When I started writing this novella, I did not consciously set out to bust Latina stereotypes.

You know the ones I’m talking about because they’re popular in movies and TV shows: the maid, the fiery-tempered Latina, the Latina who wears tight clothes and shows lots of cleavage. Then there is the sultry Latina, the curvy Latina, and the conniving Latina.

None of these Latinas appear in The Monsters of Chavez Ravine.

The main character, 22-year-old Trini Duran, is feisty and independent, and not much of a talker. She’s also five-seven, tall like my mother and a few other women in the family. Trini enjoys dressing up, but she’s also practical. So, when the monsters appear and it’s clear she’ll need to do a lot of running, she swaps her skirt for dungarees and low heels for boots. She even quits her pin curl routine in favor of low-maintenance braids. Trini works in a grocery store, but she also attends community college.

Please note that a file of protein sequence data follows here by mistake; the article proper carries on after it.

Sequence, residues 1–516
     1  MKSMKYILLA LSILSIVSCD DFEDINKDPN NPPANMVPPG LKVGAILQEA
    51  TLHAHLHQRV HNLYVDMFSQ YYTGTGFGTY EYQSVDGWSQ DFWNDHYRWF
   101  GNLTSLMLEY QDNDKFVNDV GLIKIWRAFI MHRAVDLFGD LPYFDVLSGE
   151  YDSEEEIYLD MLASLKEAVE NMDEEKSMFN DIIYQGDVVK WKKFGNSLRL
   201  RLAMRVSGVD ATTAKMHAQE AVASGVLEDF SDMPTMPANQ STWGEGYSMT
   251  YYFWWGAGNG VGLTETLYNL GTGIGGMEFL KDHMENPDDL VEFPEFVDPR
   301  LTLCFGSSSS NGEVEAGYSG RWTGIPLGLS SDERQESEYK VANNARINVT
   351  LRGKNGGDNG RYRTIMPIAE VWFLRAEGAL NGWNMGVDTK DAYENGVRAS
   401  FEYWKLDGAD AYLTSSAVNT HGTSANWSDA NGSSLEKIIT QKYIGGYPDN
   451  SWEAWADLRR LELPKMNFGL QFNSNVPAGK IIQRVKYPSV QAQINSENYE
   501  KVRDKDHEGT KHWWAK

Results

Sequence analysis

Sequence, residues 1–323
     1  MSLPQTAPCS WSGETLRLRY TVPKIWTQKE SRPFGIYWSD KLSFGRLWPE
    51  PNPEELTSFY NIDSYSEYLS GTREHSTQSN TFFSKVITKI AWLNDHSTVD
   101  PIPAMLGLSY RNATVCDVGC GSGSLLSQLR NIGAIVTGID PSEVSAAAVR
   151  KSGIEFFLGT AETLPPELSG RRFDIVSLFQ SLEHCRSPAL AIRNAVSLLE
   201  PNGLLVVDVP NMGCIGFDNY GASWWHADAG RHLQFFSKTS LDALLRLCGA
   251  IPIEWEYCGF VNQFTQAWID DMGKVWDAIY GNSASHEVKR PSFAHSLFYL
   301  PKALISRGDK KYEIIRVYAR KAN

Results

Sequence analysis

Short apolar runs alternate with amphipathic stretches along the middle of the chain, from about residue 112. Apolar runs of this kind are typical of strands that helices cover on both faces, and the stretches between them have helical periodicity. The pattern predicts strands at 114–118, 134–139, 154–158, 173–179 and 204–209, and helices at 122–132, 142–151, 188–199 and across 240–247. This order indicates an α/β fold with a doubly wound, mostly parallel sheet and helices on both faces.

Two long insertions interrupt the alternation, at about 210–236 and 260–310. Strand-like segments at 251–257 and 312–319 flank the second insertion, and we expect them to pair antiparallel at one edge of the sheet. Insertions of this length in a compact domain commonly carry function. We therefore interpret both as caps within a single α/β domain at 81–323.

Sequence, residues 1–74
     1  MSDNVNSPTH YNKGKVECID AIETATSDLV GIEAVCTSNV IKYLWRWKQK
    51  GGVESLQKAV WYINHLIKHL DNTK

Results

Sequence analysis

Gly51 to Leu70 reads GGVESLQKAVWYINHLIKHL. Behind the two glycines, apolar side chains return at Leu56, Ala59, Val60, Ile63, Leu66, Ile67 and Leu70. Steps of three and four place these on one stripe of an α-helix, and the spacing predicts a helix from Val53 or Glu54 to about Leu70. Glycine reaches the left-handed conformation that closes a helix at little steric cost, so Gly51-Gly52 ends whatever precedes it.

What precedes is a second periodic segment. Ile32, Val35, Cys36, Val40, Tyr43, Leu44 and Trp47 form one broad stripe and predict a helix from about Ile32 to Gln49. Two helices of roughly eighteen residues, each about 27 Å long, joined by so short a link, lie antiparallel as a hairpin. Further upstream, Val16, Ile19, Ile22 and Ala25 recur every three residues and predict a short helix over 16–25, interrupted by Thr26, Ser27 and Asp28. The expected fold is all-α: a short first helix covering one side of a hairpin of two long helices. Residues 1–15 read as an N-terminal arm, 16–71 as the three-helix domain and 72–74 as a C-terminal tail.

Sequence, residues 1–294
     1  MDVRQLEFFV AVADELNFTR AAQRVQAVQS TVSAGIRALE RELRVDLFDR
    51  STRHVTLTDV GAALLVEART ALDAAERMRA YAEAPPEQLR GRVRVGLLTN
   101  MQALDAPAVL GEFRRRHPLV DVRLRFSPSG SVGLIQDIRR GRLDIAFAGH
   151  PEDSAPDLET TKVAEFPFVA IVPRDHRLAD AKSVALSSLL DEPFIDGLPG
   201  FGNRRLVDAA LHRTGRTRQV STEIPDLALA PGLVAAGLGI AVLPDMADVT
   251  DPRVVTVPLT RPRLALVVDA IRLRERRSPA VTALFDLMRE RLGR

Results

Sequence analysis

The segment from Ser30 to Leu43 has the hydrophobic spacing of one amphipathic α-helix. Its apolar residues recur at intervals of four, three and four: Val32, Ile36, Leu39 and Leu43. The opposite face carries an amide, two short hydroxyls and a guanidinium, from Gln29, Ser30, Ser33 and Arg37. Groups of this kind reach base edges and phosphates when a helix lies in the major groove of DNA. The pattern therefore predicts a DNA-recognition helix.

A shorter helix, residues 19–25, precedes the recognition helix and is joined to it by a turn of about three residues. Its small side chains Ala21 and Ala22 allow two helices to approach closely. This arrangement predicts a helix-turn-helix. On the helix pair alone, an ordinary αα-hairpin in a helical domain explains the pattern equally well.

Trini’s friend, Weechie, is more of a glamorous girl. I gave her the same pink-collar job as my paternal grandmother: seamstress to a designer.

There’s also Rose Delgado, a Spanish translator. She has a towering platinum bouffant like my Aunt Vita and the same job as a woman in my extended family.

The oldest female character, Bertita, is cranky and loosely based on my maternal grandmother, who also used a cane and smoked more than was good for her.

None of the women are from Mexico. None of them are poor. While immigrants made their home in the old neighborhoods of Chavez Ravine, I didn’t feel I could accurately portray their experiences. All my family, on both sides, were born in the U.S. And while some residents of Palo Verde, Bishop, and La Loma struggled and lived in poverty, the characters in my novella are small business owners or have white or blue-collar jobs that pay the bills. They also own property, which gives them the impetus to resist eviction by the city of L.A., which wants the land to build a housing project.

The women in the novella are also diverse in another important way: age.

Trini and Weechie are young, but the rest are middle-aged, and Bertita is around seventy.

As an author, I have complete control over the portrayal of the characters in my book. I just hope one of these days, writers and producers will move beyond the stereotypes they often assign to Latina actors.